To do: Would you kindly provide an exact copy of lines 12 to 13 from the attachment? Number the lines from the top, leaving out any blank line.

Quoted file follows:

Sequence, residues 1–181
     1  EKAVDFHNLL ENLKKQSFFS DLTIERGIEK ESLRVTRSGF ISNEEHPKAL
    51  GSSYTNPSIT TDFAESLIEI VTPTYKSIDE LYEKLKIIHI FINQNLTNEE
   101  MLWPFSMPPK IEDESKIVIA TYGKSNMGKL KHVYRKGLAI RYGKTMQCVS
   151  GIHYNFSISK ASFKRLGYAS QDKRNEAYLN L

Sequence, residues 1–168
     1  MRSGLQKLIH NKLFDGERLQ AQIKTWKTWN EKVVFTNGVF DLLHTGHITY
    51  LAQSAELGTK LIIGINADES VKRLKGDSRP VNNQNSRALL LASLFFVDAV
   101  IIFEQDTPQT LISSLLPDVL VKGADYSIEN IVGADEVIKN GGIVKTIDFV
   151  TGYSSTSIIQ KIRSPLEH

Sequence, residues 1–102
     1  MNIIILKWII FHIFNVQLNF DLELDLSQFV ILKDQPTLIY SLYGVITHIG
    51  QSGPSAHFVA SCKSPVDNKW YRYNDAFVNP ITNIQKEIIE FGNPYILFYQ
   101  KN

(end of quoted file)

     1  MNIIILKWII FHIFNVQLNF DLELDLSQFV ILKDQPTLIY SLYGVITHIG
    51  QSGPSAHFVA SCKSPVDNKW YRYNDAFVNP ITNIQKEIIE FGNPYILFYQ